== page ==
Props to Adam, a gentleman and a scholar of all things terrible. I can see why they let you into that school of yours.

Monday, June 26, 2006

Essay Questions for Bad Poetry

Today, in "Essay Questions for Bad Poetry" we approach the song stylings of pop singer Seal. This song was attached to the film "Batman Forever" and has since become a staple of Light FM. Song lyrics can be seen as the new "popular" poetry, I'd like to approach this as such. Get your pencils sharpened.

"Kiss From A Rose"
There used to be a greying tower alone on the sea.
You became the light on the dark side of me.
Love remained a drug that's the high and not the pill.
But did you know,That when it snows,
My eyes become large and
The light that you shine can be seen.
Baby,I compare you to a kiss from a rose on the grey.
Ooh,The more I get of you,
Stranger it feels, yeah.
And now that your rose is in bloom.
A light hits the gloom on the grave.
There is so much a man can tell you,
So much he can say.You remain,
My power, my pleasure, my pain, baby
To me you're like a growing addiction that I can't deny.
Won't you tell me is that healthy, baby?
But did you know,That when it snows,
My eyes become large and the light that you shine can be seen.
Baby, I compare you to a kiss from a rose on the grey.
Ooh, the more I get of you
Stranger it feels, yeah
Now that your rose is in bloom.
A light hits the gloom on the grave,
I've been kissed by a rose on the grave,
I've been kissed by a rose I've been kissed by a rose on the grave,
...And if I should fall along the way
I've been kissed by a rose ...been kissed by a rose on the grave.
There is so much a man can tell you,
So much he can say.
You remain
My power, my pleasure, my pain.
To me you're like a growing addiction that I can't deny, yeah
Won't you tell me is that healthy, baby.
But did you know,That when it snows,
My eyes become large and the light that you shine can be seen.
Baby, I compare you to a kiss from a rose on the grey.
Ooh, the more I get of you
Stranger it feels, yeah
Now that your rose is in bloom, A light hits the gloom on the grave.
Yes I compare you to a kiss from a rose on the grey
Ooh, the more I get of you
Stranger it feels, yeah
And now that your rose is in bloom
A light hits the gloom on the grave
Now that your rose is in bloom,
A light hits the gloom on the grave.

Question #1 - Grey and Grave are interchangeable in this piece. How important is specificity in a poem?
Question # 2 - In this poem, the writer expressly states: "I compare you to a kiss from a rose on the grey [grave]." Does every rose have its thorn? Just like every night has its dawn?
Question # 3 - When you read this, does it get stuck in your head? If I were to tell you that I could get these lyrics unstuck from your head, to what crime would you confess?
Question # 4 - There is a "tower" referenced in the opening line of this "poem." Why does the poet mention this if, obviously, the Tower does not factor into the narrative. Speaking of which...is there a narrative?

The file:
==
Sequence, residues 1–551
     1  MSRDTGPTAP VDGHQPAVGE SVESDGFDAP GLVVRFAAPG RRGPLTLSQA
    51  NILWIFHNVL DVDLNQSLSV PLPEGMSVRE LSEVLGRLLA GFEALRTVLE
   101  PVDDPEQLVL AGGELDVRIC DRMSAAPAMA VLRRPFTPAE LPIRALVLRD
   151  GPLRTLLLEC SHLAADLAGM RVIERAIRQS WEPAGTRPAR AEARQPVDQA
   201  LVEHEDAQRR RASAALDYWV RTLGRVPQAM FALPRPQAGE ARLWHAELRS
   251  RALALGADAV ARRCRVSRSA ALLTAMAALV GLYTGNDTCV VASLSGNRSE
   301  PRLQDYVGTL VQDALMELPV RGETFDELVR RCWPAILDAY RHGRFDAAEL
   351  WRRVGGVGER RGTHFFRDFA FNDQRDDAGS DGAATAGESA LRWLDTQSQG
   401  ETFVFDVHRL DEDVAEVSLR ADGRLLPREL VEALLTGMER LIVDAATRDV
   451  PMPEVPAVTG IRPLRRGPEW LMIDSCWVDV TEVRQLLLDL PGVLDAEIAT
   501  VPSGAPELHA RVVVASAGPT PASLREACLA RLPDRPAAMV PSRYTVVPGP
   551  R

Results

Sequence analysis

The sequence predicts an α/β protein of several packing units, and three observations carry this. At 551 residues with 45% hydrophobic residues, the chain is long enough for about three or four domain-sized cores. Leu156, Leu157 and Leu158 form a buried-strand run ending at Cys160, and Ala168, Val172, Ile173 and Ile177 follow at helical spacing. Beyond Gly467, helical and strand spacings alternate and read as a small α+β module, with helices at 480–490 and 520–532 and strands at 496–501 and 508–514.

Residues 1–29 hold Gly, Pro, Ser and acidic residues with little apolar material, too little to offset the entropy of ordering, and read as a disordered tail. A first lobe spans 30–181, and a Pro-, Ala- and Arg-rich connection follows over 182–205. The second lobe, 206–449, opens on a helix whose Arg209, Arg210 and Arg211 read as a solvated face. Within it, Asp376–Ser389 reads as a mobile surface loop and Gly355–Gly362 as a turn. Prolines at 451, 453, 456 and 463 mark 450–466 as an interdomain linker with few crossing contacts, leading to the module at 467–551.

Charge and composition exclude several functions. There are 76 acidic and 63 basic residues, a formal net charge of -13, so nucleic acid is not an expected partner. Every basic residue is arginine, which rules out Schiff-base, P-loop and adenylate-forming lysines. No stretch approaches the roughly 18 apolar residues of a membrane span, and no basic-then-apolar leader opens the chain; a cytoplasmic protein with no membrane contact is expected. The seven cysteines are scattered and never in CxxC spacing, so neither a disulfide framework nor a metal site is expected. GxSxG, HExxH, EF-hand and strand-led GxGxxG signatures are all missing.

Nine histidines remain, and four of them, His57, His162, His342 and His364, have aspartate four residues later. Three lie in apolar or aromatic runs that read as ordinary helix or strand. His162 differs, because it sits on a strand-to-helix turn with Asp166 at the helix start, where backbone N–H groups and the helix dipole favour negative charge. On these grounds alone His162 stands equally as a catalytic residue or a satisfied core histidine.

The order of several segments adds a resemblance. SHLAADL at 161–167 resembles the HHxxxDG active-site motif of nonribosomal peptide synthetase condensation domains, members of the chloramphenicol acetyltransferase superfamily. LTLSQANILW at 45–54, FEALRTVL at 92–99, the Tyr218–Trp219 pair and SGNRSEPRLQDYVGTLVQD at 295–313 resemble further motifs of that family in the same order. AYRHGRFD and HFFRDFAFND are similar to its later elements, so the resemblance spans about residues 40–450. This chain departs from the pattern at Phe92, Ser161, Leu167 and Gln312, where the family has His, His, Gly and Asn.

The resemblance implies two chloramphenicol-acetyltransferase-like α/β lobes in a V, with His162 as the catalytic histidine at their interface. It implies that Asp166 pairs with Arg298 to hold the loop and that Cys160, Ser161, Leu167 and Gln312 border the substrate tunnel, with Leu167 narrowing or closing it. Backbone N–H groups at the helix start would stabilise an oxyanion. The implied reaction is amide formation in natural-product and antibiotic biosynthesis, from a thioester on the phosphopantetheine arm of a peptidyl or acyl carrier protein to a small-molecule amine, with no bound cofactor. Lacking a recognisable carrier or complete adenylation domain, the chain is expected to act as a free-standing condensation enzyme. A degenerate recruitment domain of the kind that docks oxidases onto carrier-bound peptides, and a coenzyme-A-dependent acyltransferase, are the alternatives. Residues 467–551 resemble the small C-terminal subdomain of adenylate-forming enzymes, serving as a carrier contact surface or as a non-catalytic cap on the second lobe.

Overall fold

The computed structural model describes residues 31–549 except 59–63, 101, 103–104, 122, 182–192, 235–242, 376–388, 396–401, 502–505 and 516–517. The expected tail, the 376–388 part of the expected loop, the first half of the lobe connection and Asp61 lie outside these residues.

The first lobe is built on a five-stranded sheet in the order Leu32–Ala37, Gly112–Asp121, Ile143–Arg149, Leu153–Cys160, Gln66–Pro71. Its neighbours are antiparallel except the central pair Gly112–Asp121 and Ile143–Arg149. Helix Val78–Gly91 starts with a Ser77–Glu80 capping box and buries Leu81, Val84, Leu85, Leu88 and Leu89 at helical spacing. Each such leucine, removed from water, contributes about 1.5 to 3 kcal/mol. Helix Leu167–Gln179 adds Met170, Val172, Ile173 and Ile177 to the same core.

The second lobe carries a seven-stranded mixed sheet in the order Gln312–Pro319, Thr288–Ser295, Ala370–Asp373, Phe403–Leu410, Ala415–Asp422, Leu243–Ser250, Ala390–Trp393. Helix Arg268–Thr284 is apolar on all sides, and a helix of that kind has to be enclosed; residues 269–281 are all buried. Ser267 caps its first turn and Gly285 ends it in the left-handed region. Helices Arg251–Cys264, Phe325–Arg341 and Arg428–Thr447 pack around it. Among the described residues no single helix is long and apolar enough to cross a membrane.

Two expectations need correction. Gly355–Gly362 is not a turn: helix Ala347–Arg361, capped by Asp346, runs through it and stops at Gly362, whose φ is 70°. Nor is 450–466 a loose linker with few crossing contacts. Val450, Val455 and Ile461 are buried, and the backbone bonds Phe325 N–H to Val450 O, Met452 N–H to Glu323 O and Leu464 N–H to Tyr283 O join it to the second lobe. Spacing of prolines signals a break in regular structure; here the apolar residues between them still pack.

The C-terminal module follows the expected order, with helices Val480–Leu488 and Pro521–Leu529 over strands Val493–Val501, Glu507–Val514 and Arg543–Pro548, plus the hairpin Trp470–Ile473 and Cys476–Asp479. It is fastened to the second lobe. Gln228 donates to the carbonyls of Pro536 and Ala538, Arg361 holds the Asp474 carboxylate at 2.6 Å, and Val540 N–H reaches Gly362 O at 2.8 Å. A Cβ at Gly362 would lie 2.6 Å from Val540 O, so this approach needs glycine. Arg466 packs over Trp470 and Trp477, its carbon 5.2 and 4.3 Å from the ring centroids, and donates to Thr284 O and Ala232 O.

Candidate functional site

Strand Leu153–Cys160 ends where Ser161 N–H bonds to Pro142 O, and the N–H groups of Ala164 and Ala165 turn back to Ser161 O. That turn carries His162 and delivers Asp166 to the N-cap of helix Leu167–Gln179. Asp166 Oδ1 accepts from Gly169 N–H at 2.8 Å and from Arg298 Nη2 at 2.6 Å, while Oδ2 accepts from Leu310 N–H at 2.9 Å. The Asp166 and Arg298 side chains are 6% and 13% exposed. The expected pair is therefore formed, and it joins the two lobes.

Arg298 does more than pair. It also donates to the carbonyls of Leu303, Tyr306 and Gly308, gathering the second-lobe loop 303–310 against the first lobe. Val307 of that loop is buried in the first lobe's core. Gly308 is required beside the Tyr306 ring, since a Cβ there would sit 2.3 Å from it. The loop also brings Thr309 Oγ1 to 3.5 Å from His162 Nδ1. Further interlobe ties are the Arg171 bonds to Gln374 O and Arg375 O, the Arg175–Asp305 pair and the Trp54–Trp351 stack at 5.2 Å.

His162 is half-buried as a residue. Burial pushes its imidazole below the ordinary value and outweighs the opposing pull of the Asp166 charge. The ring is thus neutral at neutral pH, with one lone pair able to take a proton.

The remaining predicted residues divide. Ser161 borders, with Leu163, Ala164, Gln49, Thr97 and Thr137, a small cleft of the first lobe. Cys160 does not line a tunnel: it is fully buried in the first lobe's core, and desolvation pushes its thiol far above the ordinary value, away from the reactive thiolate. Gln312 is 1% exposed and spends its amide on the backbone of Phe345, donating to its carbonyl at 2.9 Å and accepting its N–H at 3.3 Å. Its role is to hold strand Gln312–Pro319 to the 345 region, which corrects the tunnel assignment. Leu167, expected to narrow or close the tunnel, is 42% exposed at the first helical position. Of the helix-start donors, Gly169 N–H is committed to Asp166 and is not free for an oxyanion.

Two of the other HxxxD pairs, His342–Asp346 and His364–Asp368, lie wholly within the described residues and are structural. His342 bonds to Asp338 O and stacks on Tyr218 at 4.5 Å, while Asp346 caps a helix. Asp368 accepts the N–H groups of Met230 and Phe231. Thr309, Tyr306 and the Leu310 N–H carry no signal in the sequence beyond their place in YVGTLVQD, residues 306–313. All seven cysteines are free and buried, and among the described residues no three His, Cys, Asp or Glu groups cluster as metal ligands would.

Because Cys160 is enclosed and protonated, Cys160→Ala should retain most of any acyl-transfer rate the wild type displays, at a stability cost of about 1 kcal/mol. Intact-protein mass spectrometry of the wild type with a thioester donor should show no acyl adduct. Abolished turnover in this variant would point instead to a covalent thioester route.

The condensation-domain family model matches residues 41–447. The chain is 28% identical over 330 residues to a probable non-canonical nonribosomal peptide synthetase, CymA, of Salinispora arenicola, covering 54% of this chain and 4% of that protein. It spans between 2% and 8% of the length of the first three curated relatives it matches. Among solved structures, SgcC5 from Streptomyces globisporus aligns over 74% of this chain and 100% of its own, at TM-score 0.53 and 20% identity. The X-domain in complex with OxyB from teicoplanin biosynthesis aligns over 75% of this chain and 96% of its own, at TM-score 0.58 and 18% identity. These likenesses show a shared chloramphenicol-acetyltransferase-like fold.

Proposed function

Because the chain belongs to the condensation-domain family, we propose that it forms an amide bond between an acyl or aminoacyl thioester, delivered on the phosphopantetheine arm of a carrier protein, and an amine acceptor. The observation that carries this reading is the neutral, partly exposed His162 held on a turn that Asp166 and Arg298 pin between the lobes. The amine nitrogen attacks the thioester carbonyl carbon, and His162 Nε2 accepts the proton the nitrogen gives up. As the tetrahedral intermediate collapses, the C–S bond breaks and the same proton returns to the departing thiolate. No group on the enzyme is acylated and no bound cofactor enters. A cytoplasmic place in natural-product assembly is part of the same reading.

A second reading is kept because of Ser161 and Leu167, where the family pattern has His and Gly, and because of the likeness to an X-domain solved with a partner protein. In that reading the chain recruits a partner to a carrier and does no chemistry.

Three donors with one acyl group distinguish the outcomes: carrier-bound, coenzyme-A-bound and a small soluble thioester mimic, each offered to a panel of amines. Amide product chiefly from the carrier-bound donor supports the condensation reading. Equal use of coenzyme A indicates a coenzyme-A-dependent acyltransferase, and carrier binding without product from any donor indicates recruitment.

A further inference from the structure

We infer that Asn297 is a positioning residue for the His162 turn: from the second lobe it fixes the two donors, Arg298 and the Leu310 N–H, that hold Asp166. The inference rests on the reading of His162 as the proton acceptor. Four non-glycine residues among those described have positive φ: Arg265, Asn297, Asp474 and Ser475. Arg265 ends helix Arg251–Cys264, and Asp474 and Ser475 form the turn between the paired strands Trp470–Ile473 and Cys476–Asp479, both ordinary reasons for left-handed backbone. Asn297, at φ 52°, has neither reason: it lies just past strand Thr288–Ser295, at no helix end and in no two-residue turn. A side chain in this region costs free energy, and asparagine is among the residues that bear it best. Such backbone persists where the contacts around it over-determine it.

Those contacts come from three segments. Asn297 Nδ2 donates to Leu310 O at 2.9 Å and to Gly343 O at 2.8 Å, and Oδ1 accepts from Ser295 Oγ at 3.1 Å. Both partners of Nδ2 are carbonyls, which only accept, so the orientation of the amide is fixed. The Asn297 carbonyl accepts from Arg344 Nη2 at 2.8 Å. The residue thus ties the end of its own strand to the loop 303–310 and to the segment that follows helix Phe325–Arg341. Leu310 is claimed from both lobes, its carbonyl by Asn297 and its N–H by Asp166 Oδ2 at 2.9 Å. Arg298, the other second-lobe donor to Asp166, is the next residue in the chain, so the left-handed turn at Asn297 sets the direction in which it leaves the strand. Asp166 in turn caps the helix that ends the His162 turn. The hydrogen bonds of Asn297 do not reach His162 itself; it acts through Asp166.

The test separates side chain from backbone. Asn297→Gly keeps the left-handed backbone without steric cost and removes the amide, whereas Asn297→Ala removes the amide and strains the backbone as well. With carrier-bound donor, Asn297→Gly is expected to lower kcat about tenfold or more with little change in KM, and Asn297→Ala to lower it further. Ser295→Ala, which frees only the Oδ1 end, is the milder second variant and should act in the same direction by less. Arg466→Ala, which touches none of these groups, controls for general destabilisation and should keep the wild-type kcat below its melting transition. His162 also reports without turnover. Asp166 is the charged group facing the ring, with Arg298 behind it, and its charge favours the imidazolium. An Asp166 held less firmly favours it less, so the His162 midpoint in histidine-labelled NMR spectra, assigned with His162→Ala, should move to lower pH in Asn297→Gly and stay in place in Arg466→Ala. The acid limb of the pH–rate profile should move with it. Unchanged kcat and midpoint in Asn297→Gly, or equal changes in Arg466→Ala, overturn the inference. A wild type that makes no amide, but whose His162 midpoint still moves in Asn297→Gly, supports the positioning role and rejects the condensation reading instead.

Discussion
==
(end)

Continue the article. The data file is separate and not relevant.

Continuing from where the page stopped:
Question # 5 - There is a reference here to snow and also to addiction. Is this poem about cocaine? Or, as you might call it "blow?" Is it about drug abuse? And is that healthy, baby? Why or why not?

BONUS QUESTION - What sort of a name is Seal?

If anyone has further thoughts on how to interpret this...I'm ready to listen.

The Numbers

So, the show is still churning and life goes on as it will. I'm seeing Nerve tonight and looking forward to it. We have a long schedule this week...Tuesday-Saturday. So if anyone wants to come Tuesday...hey, that's a nice thing, no?

Right now, the Showcase Code is doing us about as much good as the Electoral College has been doing the concept of Democracy.

I'm of the belief that the only way for Equity to reform the Showcase Code is for actor's within the organization to demand it. Actor's Equity will react with hostility to producers who want more freedoms. A solid case needs to be made that the Showcase Code, and indeed, the entire system in New York, should be changed to reflect the truth of the economics and state-of-the-Arts.

An important step, though, is to formalize the complaints and debate. There are very few organized facts about Non-Broadway, Non-Off-Broadway Theaters and how they function financially. How much do most companies spend on their shows? How often do they profit? What do they generally spend?

I would like to set up a survey to gather statistics and create a broad overview of the financial state and general business practices of the Off-Off or "Indie" world of New York theater. Of course, I'm completely inexperienced.

What sort of questions need to be asked? Hit my comments.

Friday, June 23, 2006

Blackout / State of the Show

Last night, during "The Most Wonderful Love" the power on the 4th Floor of 380 Broadway went out, meaning that "Marat/Sade" in the Gallery and the third act of my play were suddenly being performed by the emergency lights above the Exit signs.

One thing I love about theatre is that on occasions like this, the audience rallies around you and seems to throw all their love and support and encouragement to the performers. The actors were great and worked their asses off...but it's in those moments you feel a bond between the performers and the spectators. The bizarre and lovely disaster; how sweet it is. That's what you get, I guess, when you mock God.